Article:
Since it looks like my transmission survived the incident and I only need the cooler replaced, I still get to buy pretty things.  I really need a source of motivation now that the snow is starting to fly.  Buying tack = motivation, right?

And I get to buy a matching bridle!  And colorful saddle pads!  And a breast collar!  I don't need a breast collar but come on, if I'm going to dress him up, I might as well go all the way.  My outfit is still a complete mystery to me.  Helmet, obviously, but the rest?  I dunno.  There's a lot of spandex and rhinestones out there and I'm . . . not as svelte as I used to be.  Hm.

Monday, November 13, 2017

Cuz your man is back in town

Aside from all of the drama with my truck and going by my lonesome to a rather high end clinic, I had one important take away:

My horse is the freaking bomb and he is back, baby!

Seriously, he's back and it's wonderful.  He was a model citizen for his visit.  He may have tried to escape every time someone tried to feed him/water him/clean his stall, but that's expected when he's suddenly thrown in a stall for three days.  He was a little ticked off about the whole imprisonment part of the trip.  So much hand walking and hand grazing to keep him from tearing the tent stall down.  He would sit with his muzzle between the bars, trying to convince people to come rescue him.

But he stood when told, only had little spooks in a rather spooky indoor with an audience and a heated observation room over his head.  He stood in grooming stalls, completely ignored a stranger climbing up on a mounting block to rearrange me, and napped whenever appropriate.  Young horses pinging off the walls, warmbloods losing their minds in the cold and needing to be lunged, and then there was mi papi.  Snoring.  He cuddled anyone that came into reach and built up his own fan club.

I worked on me almost exclusively because Theo was already in good shape.  He likes to pop his shoulders, but I already knew that.  It's something we've already been working on.  He went about his business and I worried about my quarreling seat bones and wandering chin.  Mary had absolutely nothing negative to say about him and said she was impressed to see a horse of his type showing such nice energy.  Then she pet his neck and said 'she must be terribly cruel'.  Theo says yes.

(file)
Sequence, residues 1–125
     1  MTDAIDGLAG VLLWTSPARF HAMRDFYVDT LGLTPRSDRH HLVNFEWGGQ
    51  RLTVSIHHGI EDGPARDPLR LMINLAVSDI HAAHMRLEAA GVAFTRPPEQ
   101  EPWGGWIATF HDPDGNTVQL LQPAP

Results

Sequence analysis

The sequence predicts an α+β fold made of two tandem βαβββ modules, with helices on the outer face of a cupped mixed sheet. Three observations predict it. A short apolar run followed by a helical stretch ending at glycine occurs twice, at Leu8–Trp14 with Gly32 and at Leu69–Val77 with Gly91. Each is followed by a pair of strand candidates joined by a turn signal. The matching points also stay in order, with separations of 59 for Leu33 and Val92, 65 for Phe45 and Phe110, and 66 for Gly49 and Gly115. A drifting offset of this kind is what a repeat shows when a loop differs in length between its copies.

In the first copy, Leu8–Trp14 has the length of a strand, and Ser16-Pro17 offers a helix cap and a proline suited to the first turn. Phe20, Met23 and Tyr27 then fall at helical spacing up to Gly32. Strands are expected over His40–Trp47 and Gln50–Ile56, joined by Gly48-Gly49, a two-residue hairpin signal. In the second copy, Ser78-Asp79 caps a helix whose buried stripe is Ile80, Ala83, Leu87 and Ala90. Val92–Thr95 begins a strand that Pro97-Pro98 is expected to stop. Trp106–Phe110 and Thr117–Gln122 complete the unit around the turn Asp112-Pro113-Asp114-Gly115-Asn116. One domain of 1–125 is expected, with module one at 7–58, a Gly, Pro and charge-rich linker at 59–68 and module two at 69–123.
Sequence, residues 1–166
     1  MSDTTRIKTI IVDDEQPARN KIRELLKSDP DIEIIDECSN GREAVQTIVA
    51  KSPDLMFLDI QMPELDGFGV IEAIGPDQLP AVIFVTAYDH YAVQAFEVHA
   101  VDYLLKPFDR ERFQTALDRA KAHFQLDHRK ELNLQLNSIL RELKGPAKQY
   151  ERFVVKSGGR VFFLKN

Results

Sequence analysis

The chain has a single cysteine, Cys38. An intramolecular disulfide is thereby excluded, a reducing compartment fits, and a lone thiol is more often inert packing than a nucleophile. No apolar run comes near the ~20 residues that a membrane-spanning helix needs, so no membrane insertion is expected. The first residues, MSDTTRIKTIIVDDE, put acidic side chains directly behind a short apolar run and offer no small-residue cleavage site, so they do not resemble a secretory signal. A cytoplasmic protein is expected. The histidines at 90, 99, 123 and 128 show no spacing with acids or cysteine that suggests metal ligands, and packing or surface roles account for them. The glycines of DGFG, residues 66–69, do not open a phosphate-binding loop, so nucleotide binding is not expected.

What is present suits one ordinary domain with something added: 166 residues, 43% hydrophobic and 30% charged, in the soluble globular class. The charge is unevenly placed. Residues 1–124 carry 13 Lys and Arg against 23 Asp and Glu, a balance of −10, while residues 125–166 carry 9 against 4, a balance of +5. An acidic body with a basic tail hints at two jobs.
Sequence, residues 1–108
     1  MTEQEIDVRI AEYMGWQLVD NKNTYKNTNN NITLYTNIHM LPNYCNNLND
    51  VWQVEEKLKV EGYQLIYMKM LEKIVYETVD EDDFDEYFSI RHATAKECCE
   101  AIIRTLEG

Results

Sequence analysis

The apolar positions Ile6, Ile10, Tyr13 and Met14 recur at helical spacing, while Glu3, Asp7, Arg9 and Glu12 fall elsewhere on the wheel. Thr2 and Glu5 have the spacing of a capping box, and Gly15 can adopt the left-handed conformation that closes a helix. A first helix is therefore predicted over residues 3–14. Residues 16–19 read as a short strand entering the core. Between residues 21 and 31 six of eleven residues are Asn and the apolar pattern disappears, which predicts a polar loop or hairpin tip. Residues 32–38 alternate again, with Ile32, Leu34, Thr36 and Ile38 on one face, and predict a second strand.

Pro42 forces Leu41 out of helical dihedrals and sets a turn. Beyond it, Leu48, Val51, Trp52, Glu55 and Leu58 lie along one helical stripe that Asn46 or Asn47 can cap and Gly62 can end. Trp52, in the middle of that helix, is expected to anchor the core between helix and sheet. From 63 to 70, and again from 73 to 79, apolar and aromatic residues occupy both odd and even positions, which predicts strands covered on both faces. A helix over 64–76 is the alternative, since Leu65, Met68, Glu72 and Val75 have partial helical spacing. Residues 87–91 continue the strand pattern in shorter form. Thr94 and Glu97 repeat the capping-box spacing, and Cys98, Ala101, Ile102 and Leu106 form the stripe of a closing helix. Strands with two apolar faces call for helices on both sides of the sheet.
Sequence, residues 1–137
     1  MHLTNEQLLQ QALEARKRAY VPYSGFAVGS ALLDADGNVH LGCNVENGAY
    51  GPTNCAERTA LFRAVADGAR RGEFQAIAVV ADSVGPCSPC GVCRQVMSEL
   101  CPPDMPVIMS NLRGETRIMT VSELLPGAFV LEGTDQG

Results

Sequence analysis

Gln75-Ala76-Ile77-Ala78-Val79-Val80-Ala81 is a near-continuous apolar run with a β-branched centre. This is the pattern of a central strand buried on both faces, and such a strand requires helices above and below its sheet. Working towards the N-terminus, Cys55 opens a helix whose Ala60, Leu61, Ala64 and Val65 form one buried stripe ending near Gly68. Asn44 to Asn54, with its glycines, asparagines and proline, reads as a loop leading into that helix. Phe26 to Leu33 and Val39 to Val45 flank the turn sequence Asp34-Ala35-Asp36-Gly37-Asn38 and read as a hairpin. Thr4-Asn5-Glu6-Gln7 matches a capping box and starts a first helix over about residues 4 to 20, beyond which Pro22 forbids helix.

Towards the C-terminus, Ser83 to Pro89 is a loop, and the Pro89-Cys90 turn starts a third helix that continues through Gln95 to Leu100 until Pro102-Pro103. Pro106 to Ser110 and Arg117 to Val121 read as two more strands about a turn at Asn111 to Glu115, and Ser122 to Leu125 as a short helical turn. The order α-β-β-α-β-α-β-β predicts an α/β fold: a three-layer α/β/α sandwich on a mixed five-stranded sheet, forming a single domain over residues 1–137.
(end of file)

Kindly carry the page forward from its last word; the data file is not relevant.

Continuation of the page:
I was complimented that I didn't have to kick him and that it looked easy and flowing.  He did some lovely strike offs from walk to canter and showed off his starter turn on the haunches.  He looked, acted, and moved like a confirmed First level horse that's schooling Second with some confidence.  He stayed on the contact and, for one glorious moment, we had an actual honest to goodness connection with him seeking and me feeling like I could push my hands instead of pulling while trotting around with his back lifted. 

It lasted about 90 seconds, but it was fucking amazing.

Of course I have zero media, but I could see him in the mirrors and I heard from the other riders.  Theo was calm, correct, and downright zen.  Two people thought I was a trainer.  No, not in a long time, but thank you for the compliment.  He only kicked out once and that was on Sunday when he was tired from using new muscles.  But oh, what a stretch he gave me at the end of that ride.  Muzzle to the floor, back flexing, flicking along in the trot like it was nothing.